MRI Shows Acute, Chronic Changes in Myelin in Contact-Sport Athletes

May 9, 2018

mcDESPOT magnetic resonance imaging shows changes in the myelin following mild traumatic brain injury.

Magnetic resonance imaging detects an increase in myelin water fraction (MWF) in the brains of athletes with mild traumatic brain injury (mTBI), according to an article published in the Journal of Neurosurgery.

Researchers from Florida, Wisconsin, Rhode Island, and Massachusetts performed a small nonrandomized, nonblinded prospective study to quantify changes in the MWF by using the MR imaging technique, multicomponent driven equilibrium single pulse observation of T1 and T2 (mcDESPOT). The researchers sought to visualize acute and chronic white matter changes after mTBI.

The subjects included 1 collegiate rugby player and 11 collegiate football players (the contact sport player [CSP] cohort). These subjects were assessed at the time of mTBI diagnosis and 3 months after injury when the acute symptoms of the injury had resolved. Ten age-matched controls also participated, the noncontact sport players (NCSPs). T-tests and a threshold-free cluster enhancement (TFCE) statistical analysis technique were used to identify brain structures with significant changes in the MWF between the CSP and NCSP cohorts and between immediately postinjury and follow-up images obtained in the CSP cohort.

The results showed in the CSP cohort, significantly higher MWFs in the bilateral basal ganglia, anterior and posterior corpora callosa, left corticospinal tract, and left anterior and superior temporal lobe. At the three-month follow-up examination, images from the CSP cohort still showed significantly higher MWFs than those identified on baseline images from the NCSP cohort in the bilateral basal ganglia, anterior and posterior corpora callosa, and left anterior temporal lobe, and also in the bilateral corticospinal tracts, parahippocampal gyrus, and bilateral juxtapositional (previously known as supplemental motor) areas.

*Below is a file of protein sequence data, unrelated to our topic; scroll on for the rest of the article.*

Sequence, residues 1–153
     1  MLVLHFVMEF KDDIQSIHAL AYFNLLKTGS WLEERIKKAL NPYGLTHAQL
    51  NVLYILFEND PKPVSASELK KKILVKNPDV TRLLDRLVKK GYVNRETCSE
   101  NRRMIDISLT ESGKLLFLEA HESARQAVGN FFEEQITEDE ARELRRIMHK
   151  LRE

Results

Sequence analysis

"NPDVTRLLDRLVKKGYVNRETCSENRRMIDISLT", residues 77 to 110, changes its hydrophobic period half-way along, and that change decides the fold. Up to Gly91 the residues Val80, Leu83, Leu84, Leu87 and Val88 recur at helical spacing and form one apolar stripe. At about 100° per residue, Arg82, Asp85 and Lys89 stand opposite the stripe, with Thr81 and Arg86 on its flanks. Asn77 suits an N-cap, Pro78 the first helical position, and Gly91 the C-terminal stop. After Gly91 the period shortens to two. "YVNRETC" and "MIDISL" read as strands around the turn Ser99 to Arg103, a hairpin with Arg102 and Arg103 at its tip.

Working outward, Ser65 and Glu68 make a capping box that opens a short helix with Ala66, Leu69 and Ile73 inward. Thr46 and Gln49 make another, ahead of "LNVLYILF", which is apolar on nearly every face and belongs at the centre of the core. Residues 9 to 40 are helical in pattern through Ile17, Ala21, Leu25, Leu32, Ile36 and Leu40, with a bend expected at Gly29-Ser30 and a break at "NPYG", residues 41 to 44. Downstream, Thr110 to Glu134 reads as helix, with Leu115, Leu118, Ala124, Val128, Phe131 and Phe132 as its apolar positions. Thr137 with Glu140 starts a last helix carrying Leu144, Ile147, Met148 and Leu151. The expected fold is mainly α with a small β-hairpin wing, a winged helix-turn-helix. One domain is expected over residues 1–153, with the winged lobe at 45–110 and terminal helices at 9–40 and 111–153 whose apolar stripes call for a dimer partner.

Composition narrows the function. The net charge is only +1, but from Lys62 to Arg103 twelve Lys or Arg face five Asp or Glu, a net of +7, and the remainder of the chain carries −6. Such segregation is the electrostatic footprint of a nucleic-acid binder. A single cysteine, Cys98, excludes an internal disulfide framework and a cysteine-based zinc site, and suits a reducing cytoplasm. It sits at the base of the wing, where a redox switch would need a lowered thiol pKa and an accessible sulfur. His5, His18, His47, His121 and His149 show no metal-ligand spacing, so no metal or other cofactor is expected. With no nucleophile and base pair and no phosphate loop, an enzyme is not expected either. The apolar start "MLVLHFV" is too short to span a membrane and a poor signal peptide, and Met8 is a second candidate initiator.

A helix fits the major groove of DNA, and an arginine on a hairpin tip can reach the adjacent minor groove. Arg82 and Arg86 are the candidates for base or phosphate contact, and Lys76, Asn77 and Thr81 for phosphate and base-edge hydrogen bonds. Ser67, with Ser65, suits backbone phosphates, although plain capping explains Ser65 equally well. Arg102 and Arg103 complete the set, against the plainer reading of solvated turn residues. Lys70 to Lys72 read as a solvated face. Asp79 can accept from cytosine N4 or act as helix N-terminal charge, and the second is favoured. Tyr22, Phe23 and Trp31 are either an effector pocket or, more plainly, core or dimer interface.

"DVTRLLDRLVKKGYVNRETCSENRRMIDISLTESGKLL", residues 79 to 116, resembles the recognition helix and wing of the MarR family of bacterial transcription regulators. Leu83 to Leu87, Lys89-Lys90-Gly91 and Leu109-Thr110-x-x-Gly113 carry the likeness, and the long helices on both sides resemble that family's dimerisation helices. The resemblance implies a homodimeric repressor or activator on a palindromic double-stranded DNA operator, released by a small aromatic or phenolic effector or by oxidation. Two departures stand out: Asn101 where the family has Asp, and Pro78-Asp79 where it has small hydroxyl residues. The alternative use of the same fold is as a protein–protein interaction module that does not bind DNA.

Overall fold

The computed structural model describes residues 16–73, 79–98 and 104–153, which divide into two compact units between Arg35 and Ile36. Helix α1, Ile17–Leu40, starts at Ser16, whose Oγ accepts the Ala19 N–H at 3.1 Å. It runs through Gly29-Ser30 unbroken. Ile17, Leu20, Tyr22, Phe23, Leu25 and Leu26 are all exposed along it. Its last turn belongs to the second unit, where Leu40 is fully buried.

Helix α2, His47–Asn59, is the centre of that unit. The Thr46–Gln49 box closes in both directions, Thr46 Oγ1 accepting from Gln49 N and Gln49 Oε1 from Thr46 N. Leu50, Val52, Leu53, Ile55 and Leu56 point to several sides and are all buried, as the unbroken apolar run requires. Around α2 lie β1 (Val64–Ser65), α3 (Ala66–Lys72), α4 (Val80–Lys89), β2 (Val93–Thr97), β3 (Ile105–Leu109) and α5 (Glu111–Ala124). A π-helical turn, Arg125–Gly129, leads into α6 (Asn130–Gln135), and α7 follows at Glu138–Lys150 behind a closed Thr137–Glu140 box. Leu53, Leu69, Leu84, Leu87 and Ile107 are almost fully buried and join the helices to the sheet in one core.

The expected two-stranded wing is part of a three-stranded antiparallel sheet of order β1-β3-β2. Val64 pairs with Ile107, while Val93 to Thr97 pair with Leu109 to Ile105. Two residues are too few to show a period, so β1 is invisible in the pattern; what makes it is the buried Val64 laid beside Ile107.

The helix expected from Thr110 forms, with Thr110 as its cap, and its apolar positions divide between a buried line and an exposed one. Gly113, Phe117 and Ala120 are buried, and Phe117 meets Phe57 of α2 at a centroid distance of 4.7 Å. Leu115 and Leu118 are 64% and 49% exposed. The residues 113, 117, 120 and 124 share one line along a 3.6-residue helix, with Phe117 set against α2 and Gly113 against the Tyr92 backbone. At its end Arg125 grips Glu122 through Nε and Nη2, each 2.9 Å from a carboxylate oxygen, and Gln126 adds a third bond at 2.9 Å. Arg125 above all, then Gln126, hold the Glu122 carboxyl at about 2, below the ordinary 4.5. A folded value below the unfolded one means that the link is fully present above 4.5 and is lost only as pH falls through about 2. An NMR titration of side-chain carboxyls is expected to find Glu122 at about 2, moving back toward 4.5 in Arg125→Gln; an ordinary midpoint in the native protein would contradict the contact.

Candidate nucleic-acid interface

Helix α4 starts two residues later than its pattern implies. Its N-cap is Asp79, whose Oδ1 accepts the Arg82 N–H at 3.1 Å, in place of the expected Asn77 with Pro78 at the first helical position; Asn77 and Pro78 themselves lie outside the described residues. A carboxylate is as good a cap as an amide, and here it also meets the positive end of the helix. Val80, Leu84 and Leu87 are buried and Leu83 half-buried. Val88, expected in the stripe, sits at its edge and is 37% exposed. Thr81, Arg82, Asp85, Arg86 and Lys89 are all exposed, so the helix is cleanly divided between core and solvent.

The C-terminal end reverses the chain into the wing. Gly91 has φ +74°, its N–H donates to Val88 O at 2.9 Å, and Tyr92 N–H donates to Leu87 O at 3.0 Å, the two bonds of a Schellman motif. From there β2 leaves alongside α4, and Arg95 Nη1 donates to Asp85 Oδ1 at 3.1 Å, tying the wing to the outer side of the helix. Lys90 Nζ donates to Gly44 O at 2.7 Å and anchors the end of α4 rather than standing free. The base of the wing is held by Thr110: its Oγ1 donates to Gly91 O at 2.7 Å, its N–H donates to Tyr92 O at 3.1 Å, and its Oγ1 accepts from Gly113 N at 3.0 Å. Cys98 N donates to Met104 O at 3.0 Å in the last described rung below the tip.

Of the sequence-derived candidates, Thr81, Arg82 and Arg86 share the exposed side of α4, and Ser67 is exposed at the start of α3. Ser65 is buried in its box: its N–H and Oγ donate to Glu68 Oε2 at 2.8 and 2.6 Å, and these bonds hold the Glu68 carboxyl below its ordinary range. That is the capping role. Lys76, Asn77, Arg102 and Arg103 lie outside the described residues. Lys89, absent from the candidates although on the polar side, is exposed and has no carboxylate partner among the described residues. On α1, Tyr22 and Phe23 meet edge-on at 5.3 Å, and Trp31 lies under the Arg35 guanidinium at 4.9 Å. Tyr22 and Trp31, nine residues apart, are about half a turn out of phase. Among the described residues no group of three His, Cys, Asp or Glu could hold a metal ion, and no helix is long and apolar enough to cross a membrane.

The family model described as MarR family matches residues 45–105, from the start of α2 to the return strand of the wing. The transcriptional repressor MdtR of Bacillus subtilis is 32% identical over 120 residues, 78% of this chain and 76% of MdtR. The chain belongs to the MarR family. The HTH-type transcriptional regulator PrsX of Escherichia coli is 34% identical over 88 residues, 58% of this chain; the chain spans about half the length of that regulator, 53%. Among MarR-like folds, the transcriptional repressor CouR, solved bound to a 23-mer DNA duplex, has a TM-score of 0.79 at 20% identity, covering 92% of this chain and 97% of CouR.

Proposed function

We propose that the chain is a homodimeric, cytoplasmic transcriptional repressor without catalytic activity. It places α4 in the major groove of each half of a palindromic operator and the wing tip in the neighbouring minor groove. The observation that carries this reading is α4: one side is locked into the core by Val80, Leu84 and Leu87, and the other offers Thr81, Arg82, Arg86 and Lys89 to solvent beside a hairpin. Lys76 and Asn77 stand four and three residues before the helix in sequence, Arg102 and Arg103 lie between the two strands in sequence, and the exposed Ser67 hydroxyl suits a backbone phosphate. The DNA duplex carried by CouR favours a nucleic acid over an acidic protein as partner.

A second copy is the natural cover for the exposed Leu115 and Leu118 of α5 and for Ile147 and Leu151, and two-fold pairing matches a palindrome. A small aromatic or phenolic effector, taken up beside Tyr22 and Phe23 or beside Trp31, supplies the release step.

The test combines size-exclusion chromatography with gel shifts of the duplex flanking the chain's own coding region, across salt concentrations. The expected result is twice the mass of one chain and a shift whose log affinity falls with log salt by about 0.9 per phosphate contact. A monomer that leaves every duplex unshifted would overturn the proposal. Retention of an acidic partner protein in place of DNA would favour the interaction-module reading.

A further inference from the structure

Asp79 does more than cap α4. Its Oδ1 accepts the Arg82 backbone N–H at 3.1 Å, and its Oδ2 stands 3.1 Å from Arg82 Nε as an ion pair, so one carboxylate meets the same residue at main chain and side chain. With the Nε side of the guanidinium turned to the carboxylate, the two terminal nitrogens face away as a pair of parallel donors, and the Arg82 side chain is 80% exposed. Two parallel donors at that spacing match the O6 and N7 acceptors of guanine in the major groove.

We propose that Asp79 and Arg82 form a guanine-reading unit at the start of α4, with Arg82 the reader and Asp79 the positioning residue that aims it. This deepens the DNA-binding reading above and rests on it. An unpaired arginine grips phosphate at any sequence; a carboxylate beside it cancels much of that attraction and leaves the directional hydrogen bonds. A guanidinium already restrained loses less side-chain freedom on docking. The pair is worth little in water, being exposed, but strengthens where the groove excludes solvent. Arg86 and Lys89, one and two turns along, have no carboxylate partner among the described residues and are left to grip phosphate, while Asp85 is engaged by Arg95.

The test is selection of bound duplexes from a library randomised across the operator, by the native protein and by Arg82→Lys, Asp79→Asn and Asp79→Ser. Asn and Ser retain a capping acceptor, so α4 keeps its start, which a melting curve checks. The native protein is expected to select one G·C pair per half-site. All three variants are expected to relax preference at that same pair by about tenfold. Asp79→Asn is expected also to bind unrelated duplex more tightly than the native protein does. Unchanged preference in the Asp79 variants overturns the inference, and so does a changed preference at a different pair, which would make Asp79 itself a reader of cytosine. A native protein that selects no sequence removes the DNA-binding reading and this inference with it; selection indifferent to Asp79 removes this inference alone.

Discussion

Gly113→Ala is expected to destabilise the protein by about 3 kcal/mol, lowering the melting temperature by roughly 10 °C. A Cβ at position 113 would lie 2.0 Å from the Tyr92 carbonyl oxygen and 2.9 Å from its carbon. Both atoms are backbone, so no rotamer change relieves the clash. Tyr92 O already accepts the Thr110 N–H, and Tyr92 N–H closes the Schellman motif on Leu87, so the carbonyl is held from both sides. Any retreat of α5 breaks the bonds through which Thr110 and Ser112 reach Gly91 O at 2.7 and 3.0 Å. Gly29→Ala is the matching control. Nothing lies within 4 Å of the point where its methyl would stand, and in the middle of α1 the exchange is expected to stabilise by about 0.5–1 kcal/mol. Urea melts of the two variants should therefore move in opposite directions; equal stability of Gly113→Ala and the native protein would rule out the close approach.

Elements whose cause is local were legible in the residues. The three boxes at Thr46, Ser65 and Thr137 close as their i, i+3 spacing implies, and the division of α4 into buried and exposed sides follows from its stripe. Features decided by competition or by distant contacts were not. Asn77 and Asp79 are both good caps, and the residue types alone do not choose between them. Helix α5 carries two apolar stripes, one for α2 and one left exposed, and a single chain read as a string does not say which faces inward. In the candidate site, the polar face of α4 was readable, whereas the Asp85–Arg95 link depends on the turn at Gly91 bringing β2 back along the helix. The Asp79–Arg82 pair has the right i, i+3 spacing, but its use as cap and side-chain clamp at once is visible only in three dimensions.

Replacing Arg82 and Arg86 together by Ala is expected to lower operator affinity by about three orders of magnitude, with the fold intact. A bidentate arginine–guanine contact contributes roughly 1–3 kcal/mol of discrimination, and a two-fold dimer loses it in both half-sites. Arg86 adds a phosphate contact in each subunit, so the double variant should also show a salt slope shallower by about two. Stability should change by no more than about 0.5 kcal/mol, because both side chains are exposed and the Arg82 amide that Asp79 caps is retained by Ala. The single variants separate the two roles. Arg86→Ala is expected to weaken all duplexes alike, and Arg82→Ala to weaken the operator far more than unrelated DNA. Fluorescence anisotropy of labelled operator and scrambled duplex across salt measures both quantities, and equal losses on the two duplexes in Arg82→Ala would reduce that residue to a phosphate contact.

In the CSP cohort, a t-test comparing the MWF at the time of injury and three months later showed a significant increase in the overall MWF at follow-up. These increases were greatest in the bilateral basal ganglia and deep white matter. MWF decreases were seen in more superficial white.

"We were surprised by the finding of increased myelin in the contact sports players compared with non-contact sports players at baseline and three months after injury,” coauthor Heather S. Spader, MD, said in a release. “Using the mcDESPOT sequence, we can see that there is a remyelination process after an injury. The next question, however, is to determine if the increased myelin leads to the formation of a type of scar tissue that can cause disorganized signaling in the brain and which can eventually lead to an increased susceptibility to neurodegenerative disorders such as dementia."